The Unitary Executive in the Age of American Authoritarianism

66 Pages Posted: 21 Aug 2023 Last revised: 8 Sep 2023

Date Written: August 16, 2023


While the Framers were obsessed with the need to shape the Constitution in order to avoid tyranny, it is only in recent years that we have become especially conscious of the serious and immediate threats of authoritarianism to our constitutional democracy. From a constitutional perspective, central to this concern is the longstanding debate over the so-called unitary executive. On one side of the debate have been the “Strong Unitarians,” who construe Article II as a grant of “inherent” powers to the presidency, making our nation ripe for dangerous expansion of presidential power. On the other side of the debate are the “Anti-Unitarians,” who argue that Article II must be construed—in a manner wholly inconsistent with the plain meaning of its text—to enable Congress to remove significant categories of executive power from the president’s control.

In this article, we first explain why we categorically reject both existing approaches as inconsistent with constitutional text and democratic values. We then urge replacement of both approaches with what we call the “Limited Unitary Executive” theory. Under this approach, we fulfill clear textual and democratic directives by leaving executive power in the hands of the president. At the same time, we construe the grants of executive authority delineated in Article II to confine presidential power in a manner that significantly reduces the dangers of presidential authoritarianism.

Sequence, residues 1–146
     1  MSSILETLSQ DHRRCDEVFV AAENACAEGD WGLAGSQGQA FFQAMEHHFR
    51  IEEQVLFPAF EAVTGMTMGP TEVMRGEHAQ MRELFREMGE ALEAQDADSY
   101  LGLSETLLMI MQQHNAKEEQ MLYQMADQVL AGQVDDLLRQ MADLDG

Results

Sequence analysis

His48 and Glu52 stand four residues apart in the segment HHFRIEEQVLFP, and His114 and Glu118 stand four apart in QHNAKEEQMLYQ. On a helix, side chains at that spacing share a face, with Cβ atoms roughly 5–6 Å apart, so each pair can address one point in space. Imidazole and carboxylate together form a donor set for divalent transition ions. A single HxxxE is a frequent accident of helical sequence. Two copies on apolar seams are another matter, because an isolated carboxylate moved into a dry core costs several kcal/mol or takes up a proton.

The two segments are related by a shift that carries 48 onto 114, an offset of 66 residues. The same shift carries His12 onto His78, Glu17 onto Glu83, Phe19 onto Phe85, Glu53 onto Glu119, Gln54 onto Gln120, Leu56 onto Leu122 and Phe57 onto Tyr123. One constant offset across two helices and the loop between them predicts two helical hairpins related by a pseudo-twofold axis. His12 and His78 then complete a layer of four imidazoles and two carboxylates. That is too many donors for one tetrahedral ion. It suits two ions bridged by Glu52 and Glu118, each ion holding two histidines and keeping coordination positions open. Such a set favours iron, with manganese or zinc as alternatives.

Keywords: Constitutional law, Separation of powers, Presidential power, Unitarian executive, Nondelegation doctrine, Authoritarianism

JEL Classification: K10

Suggested Citation

Redish, Martin H. and Epstein, David, The Unitary Executive in the Age of American Authoritarianism (August 16, 2023). Northwestern Public Law Research Paper No. 23-40, Available at SSRN: or

Martin H. Redish (Contact Author)

Northwestern University - Pritzker School of Law ( email )

375 E. Chicago Ave
Chicago, IL 60611
United States

David Epstein

Northwestern University ( email )

2001 Sheridan Road
Evanston, IL 60208
United States

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